1. Stewart, a merchant, agent for British prisoners, and former British consul at New London, had reported himself to Fairchild as an alien enemy on 8 Aug. 1812. He was then forty-six years old, married with six children, had lived in the United States for thirty-five years but had never applied for U.S. citizenship, had “been many years agent for supplying British W. India Islands,” and was “active, enterprizing, of extensive connections” (DNA: RG 59, War of 1812 Papers, U.S. Marshals’ Returns of Enemy Aliens and Prisoners of War, Part II). He had also issued numerous licenses for U.S. ships carrying supplies to the British West Indies (W. Freeman Galpin, “The American Grain Trade to the Spanish Peninsula, 1810–1814,” American Historical Review 28 : 30–33). On 1 June 1813 Fairchild wrote to James Monroe, reporting his suspicion that Stewart was in contact with the British navy, and Monroe subsequently ordered that Stewart be removed forty miles from the coast (DNA: RG 94, War of 1812, Records Relating to Prisoners, entry 127-A, box 5; Monroe to John Mason, 24 June 1813, DNA: RG 59, War of 1812 Papers, Letters Received regarding Enemy Aliens). By 20 Sept. 1813 Stewart had returned to New London, later explaining that he had done so because his wife was “confined in child-bed.” He agreed to go to Stafford, Connecticut, but “would not accept a passport & parole.” From there he eventually traveled to Stonington, where by 1 Nov. 1813 he had boarded the British ship Valiant, reportedly “with a view … to go to Halifax” (Fairchild to John Mason, 20 Sept., 8 Oct., and 1 Nov. 1813, DNA: RG 94, War of 1812, Records Relating to Prisoners, entry 127-A, box 5). On 25 Nov. 1813 Monroe wrote to Maj. Gen. Henry Dearborn, commander at New York, stating that Stewart had “forfeited his claim to confidence, by granting licenses for a trade with the enemy, and other improper conduct,” and that Fairchild may have “connived at, if he has not sanctioned” Stewart’s refusal to remain confined. Monroe requested, “by order of the president,” that Dearborn “send a judicious and discreet officer to New London” to obtain information on Stewart’s conduct and on Fairchild’s handling of his case (DLC: Monroe Papers, series 4).
2. Fairchild’s 3 July 1813 letter to commissary general of prisoners John Mason reported that when he had ordered Stewart to Tolland, Connecticut, in accord with Monroe’s instructions of 23 June, Stewart declared that he had “taken advice” and would not go unless forced, would not accept parole, and would not stay in Tolland unless imprisoned. When arrested, he pled for time to settle his financial affairs, stated that his wife was soon to give birth, and accused Fairchild of “unprecedented rigour, in removing him so suddenly.” Fairchild suspected that Stewart planned to sue him for false imprisonment, and in explaining why he had not made the arrest until 1 July, observed that it was “important … to proceed with the utmost caution to escape the snares contrived to entrap me.” On 5 Aug., Fairchild informed Mason that when arrested, Stewart had been offered a passport to go to Stafford, which he had refused, but upon his release from prison in Tolland had proceeded there, where he remained (DNA: RG 94, War of 1812, Records Relating to Prisoners, entry 127-A, box 5). Mason evidently forwarded this letter to Monroe, whose head clerk, John Graham, replied on 9 Aug. 1813: “The Secretary of State is of opinion that Mr Fairchild whose Letter I now return, should be immediately directed to take Stewart into Custody and if necessary put him in confinement” (DNA: RG 59, War of 1812 Papers, Letters Received regarding Enemy Aliens). Fairchild’s 6 July 1813 letter to Monroe has not been found, but his 1 July 1813 letter to the secretary of state, reporting that Stewart had been taken to Tolland after refusing to accept a passport and parole, survives (DNA: RG 59, ML).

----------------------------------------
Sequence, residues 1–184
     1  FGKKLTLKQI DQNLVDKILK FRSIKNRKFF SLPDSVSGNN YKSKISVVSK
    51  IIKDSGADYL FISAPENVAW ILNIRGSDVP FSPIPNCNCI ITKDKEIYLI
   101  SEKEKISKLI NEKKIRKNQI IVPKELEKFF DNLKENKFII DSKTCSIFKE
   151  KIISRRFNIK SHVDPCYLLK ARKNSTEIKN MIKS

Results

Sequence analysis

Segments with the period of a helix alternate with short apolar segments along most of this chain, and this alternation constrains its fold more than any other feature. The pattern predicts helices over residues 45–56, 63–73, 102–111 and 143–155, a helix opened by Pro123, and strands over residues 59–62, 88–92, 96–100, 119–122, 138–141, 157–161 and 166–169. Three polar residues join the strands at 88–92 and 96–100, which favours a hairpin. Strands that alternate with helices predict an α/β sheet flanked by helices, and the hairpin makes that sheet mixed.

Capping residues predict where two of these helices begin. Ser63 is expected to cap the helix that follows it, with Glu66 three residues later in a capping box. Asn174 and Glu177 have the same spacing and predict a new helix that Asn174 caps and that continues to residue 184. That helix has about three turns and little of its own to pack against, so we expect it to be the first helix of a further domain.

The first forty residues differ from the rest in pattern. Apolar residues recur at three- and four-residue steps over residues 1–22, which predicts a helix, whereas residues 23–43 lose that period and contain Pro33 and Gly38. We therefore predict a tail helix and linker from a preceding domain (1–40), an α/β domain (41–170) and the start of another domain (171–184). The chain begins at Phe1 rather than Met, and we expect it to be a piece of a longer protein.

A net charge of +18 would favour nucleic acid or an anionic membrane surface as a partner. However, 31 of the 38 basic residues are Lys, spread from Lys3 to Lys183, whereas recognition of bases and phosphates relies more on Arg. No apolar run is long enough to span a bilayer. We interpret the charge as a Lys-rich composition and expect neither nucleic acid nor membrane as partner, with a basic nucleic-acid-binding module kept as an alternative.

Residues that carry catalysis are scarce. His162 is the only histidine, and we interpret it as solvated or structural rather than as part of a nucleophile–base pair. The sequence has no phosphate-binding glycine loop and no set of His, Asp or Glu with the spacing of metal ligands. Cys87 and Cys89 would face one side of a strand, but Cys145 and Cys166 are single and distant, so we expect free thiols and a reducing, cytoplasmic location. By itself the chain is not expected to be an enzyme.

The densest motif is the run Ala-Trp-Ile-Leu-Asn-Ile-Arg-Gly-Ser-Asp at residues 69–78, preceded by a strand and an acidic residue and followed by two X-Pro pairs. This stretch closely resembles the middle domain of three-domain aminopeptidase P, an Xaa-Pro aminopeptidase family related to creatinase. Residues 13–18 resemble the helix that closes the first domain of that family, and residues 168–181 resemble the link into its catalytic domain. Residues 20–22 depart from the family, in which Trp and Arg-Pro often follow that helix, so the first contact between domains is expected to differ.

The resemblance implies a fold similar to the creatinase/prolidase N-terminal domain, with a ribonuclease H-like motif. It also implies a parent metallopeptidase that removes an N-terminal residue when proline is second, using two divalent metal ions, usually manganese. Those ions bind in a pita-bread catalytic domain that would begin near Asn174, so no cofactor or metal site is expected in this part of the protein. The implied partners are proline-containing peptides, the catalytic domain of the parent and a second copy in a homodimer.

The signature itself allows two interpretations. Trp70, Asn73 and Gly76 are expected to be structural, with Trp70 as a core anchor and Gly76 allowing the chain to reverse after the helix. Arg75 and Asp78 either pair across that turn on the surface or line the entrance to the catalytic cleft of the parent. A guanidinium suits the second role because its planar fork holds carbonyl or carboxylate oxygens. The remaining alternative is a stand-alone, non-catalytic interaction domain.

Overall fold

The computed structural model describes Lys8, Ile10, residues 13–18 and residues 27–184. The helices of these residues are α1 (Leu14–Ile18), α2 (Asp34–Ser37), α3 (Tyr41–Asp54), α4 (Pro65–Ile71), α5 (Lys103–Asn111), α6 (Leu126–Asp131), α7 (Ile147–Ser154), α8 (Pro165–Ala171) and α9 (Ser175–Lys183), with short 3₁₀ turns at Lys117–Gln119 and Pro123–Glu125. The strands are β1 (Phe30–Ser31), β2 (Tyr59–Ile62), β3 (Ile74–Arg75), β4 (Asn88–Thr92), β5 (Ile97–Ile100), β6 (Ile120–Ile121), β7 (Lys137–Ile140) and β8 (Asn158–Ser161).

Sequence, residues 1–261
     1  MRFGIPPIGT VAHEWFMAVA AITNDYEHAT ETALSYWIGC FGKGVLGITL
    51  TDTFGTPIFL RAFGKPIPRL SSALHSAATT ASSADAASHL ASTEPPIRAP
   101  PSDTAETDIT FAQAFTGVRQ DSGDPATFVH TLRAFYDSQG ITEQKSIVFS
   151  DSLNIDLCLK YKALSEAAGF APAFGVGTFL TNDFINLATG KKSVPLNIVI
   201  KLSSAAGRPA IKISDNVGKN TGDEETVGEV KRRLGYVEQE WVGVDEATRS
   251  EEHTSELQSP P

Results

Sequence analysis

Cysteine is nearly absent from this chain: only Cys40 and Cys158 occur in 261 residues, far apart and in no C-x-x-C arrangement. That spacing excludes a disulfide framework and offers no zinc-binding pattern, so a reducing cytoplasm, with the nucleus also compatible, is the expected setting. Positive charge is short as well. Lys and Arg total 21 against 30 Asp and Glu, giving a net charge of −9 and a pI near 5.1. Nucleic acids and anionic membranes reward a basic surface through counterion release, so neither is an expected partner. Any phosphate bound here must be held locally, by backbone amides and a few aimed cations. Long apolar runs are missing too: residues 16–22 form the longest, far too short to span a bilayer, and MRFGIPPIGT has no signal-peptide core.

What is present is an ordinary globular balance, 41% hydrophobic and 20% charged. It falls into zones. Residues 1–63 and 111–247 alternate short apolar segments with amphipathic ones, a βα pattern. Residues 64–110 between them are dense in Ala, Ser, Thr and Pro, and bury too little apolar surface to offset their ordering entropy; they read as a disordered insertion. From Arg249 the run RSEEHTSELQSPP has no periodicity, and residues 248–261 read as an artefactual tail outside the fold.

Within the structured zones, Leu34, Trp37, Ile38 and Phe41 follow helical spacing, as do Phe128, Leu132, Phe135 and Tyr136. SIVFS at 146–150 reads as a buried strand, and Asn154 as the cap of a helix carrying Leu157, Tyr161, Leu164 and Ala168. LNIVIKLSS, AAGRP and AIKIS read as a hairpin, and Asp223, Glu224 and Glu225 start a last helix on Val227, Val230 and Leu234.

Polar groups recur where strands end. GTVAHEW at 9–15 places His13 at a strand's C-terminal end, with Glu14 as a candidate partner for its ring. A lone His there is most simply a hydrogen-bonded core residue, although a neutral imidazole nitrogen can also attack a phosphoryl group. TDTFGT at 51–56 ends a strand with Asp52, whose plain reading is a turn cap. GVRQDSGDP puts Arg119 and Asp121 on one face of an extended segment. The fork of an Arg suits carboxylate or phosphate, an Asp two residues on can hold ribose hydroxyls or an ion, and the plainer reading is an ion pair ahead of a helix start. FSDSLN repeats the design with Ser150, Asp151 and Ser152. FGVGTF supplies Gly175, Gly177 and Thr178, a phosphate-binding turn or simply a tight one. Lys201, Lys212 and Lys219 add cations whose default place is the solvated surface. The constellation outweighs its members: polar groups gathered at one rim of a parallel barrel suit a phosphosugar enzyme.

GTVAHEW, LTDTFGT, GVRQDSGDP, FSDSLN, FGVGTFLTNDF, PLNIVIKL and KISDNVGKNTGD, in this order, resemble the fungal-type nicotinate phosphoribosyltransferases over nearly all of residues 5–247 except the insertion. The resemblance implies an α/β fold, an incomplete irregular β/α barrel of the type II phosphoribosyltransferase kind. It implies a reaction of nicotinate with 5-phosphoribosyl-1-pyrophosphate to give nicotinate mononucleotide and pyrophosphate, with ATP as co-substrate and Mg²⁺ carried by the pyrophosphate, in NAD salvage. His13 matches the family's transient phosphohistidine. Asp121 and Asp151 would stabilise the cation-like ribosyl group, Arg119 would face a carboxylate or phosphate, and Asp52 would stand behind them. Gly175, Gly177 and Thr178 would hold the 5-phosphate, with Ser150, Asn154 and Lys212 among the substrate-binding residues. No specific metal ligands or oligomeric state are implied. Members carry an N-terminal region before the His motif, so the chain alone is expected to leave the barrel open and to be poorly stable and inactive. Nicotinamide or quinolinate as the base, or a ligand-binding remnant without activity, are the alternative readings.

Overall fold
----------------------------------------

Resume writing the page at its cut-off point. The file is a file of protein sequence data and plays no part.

3. Thirty residents of New London signed a 29 June 1813 petition to Monroe stating their opinion that Stewart had always “behaved with prudence discretion and propriety,” and asking that he either be allowed to remain in New London or at least “be indulged with a few days, to arrange his affairs” rather than being forced to depart immediately (DNA: RG 59, War of 1812 Papers, Letters Received regarding Enemy Aliens).
4. Nathaniel Richards, surveyor of the port of New London, was removed early in 1814 and replaced by Oliver Champlain (Senate Exec. Proceedings, description begins Journal of the Executive Proceedings of the Senate of the United States of America (3 vols.; Washington, 1828). description ends 1:10, 2:514–15).